Villiers De L'isle-Adam, (Jean-Marie Mathias Philippe) Auguste (Comte) de
VILLIERS DE L'ISLE-ADAM, (Jean-Marie Mathias Philippe) Auguste (Comte) de
Nationality: French. Born: Saint-Brieuc, Brittany, 7 November 1838. Education: Educated in Brittany. Military Service: Served in Franco-Prussian War, 1870. Family: Married Marie Dantine in 1889; one son. Career: Moved with family to Paris, 1859; journalist and playwright, from 1860s; founding editor, Revue des Letres et des Arts, 1867. Died: 18 August 1889.
oeuvres complètes. 11 vols., 1914-31.
oeuvres, edited by Jacques-Henry Bornecque. 1957.
Contes crueles et Nouveaux contes cruels, edited by A. Lebois.1963; edited by Pierre-Georges Castex, 1968.
L'elu des reves (stories and novellas), edited by Claude Herviou. 1979.
oeuvres complètes, edited by A. W. Raitt and Pierre-GeorgesCastex. 2 vols., 1986.
Les Contes cruels. 1883; as Claire Lenoir (selection), 1925; asQueen Ysabeau (selection), 1925; as Sardonic Tales, 1927; as Cruel Tales, 1963.
L'Amour suprême. 1886. Akëdysséril (novella). 1886; as Le Secret de l'échafaud, 1888; as Akëdysséril et autres contes, 1978.
Tribulat Bonhomet. 1887.
Nouveaux Contes cruels. 1888.
Histoires insolites. 1888.
Nouveaux Contes cruels et Propos d'au-delà. 1893.
Histoires souveraines. 1899.
Trois Portraits de femmes (Hypermnestra, Isabeau de Bavière, andLady Hamilton). 1929.
Maison Gambade père et fils succ. 1882.
L'Ève future. 1886; as Eve of the Future Eden (bilingual edition), 1981; as Tomorrow's Eve (bilingual edition), 1982.
Elën (produced 1895). 1865.
Morgane. 1866; as Le Prétendant, edited by Pierre-GeorgesCastex and A.W. Raitt, 1965.
La Révolte (produced 1870). 1870; in The Revolt and The Escape, 1901.
Le Nouveau-monde (produced 1883). 1880.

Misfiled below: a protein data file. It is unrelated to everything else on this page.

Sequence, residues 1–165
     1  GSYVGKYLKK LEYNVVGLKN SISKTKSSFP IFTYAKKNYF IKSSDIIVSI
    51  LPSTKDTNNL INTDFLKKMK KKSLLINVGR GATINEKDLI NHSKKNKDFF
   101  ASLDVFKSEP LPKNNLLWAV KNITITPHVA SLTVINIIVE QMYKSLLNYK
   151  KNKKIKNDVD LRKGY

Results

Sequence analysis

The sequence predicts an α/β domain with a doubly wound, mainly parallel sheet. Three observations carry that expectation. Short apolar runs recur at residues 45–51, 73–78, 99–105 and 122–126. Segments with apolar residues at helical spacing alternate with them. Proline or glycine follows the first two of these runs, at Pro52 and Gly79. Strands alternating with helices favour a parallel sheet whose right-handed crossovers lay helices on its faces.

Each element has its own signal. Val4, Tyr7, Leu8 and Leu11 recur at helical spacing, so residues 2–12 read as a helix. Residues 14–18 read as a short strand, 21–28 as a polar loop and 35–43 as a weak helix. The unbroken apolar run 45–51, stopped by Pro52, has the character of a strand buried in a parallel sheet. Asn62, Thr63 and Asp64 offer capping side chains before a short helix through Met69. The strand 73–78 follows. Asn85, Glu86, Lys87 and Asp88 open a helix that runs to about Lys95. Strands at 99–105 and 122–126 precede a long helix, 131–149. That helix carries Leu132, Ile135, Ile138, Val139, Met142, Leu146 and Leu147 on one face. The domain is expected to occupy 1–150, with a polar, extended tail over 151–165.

Axël. 1890; translated as Axël, 1925.
L'Evasion (produced 1887). 1891.
Deux essais de poésie. 1858.
Premières poésies, 1856-1858. 1859.
Chez les passants (stories and essays). 1890.
Reliques (fragments), edited by Pierre-Georges Castex. 1954.
Correspondance générale, edited by Joseph Bollery. 2 vols., 1962.
Histoires insolites, suivies de nouveaux condes cruels, et de lettres à Charles Baudelaire, illustrated by Louis James. 1963.
Nouvelles Reliques (fragments), edited by Pierre-Georges Castex and J.-M. Bellefroid. 1968.
Contes et récits, edited by Jacques Chupeau. 1970.
Lettres: correspondance a trois (Villiers de l'Isle-Adam, Leon Bloy, J.-K. Huysmans), edited by Daniel Habrekorn. 1980.
Textes politiques inedits de Villiers de l'Isle-Adam. 1981.*
Villiers de l'Isle-Adam by William Thomas Conroy, 1978; Life of Villiers by A. W. Raitt, 1981; The Aesthetics of Artifice: Villiers's L'Eve Future by Marie Lathers, 1996; Jeering Dreamers: Villiers de L'Isle-Adam's L'Eve Future at Our Fin de Siècle: A Collection of Essays, edited by John Anzalone and Marilyn Gaddis Rose, 1996.* * *
Villiers's generic range was broad. He began as a poet. From 1858 to 1859 he produced Deux essais de poésie (Two Attempts at Poetry) and Premières Poésies (First Poems). By the 1860s he was writing novels, plays, and short stories. His first novel was the unfinished Isis and his first play Elën. His first short stories were "Claire Lenoir" (1867) and "L'Intersigne" (1867; published as "The Sign," 1963). Although his poetry displays some evidence of his genius, it is predominantly derivative. His novels are slow-paced and lack sustained drive, the narrative energy being impeded by verbose observations and strained melodramatic actions. As for his plays, they are largely poeticized closet-dramas much too long for practical production on the stage. Performed but rarely, they were poorly received. His drama Axël, however, has been highly praised by some critics and considered a literary monument because of its introduction of symbolism. There is no doubt, however, that Villiers's full genius came out in his short stories, especially in his elegantly written satiric-ironic stories collected in Les Contes cruels (Sardonic Tales, and Cruel Tales), his real masterpiece. His other collections of stories are less consistent in quality and have not been translated into English.